Cardiopulmonary resuscitation (CPR) is a commonly used procedure and plays a critical role in saving the lives of patients suffering from cardiac arrest. This paper is concerned with the design of a dynamic technique to optimize the performance of CPR and to consequently improve its outcome, the survival rate. Current American Heart Association (AHA) guidelines treat CPR as a static procedure with fixed parameters. These guidelines set fixed values for CPR parameters such as compression to ventilation ratio, chest compression depth, etc., with an implicit assumption that they are somehow “optimal,” which has not been really substantiated. In this study, in a quest to improve this oft-used procedure, an interactive technique has been developed for dynamically changing the CPR parameters. Total blood gas delivery which is combination of systemic oxygen delivery and carbon dioxide delivery to the lungs has been defined as the objective function, and a sequential optimization procedure has been explored to optimize the objective function by dynamically adjusting the CPR parameters. The results of comparison between the sequential optimization procedure and the global optimization procedure show that the sequential optimization procedure could significantly enhance the effectiveness of CPR.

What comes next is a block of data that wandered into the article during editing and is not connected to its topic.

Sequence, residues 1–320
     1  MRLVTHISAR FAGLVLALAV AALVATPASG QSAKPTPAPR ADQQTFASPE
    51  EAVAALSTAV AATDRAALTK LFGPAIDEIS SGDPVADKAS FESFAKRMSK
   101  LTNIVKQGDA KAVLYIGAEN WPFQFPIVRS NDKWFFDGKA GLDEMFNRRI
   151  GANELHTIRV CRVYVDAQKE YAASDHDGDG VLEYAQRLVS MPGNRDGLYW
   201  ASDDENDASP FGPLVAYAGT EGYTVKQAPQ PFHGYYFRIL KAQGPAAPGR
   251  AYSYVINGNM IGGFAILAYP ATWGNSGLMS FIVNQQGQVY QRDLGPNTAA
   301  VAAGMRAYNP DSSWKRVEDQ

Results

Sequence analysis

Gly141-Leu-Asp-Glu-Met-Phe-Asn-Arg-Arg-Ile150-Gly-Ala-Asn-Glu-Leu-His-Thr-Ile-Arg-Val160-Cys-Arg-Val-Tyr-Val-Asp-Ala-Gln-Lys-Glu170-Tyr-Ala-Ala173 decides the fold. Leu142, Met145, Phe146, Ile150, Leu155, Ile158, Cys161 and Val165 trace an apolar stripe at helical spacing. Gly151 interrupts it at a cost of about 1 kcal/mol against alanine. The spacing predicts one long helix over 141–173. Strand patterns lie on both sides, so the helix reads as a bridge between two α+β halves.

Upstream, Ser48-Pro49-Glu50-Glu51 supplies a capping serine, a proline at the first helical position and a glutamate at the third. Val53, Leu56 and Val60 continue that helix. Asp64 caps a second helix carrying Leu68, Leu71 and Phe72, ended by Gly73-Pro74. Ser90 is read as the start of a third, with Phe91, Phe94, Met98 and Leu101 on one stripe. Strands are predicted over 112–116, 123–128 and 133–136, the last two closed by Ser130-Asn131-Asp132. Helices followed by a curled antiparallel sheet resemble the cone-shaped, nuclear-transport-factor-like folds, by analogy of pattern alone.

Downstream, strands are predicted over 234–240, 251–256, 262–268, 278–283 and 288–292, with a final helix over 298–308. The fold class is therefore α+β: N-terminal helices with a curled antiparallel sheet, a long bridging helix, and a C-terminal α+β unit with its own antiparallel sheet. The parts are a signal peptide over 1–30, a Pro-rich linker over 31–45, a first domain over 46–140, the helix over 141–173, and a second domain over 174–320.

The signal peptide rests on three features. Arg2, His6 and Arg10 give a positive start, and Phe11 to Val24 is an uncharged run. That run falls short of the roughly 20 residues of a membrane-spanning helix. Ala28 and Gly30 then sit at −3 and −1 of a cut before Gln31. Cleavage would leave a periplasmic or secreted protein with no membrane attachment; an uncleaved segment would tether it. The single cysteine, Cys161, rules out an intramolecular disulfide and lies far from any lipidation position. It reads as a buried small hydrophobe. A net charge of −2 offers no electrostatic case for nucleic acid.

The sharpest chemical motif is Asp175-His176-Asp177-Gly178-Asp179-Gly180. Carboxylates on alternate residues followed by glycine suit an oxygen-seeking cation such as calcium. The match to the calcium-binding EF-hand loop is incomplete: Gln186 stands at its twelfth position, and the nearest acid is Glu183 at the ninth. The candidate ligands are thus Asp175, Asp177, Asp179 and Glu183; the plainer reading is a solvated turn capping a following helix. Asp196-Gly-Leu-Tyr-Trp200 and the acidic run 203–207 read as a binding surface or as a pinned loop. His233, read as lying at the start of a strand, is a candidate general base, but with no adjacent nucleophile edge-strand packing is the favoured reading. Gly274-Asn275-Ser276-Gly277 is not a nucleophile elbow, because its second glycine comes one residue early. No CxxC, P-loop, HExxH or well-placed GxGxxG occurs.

- Dynamic Systems and Control Division
Improving Cardiopulmonary Resuscitation (CPR) by Dynamic Variation of CPR Parameters
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Jalali, A, Berg, RA, Nadkarni, VM, & Nataraj, C. "Improving Cardiopulmonary Resuscitation (CPR) by Dynamic Variation of CPR Parameters." Proceedings of the ASME 2013 Dynamic Systems and Control Conference. Volume 3: Nonlinear Estimation and Control; Optimization and Optimal Control; Piezoelectric Actuation and Nanoscale Control; Robotics and Manipulators; Sensing; System Identification (Estimation for Automotive Applications, Modeling, Therapeutic Control in Bio-Systems); Variable Structure/Sliding-Mode Control; Vehicles and Human Robotics; Vehicle Dynamics and Control; Vehicle Path Planning and Collision Avoidance; Vibrational and Mechanical Systems; Wind Energy Systems and Control. Palo Alto, California, USA. October 21–23, 2013. V003T43A005. ASME. https://doi.org/10.1115/DSCC2013-3879
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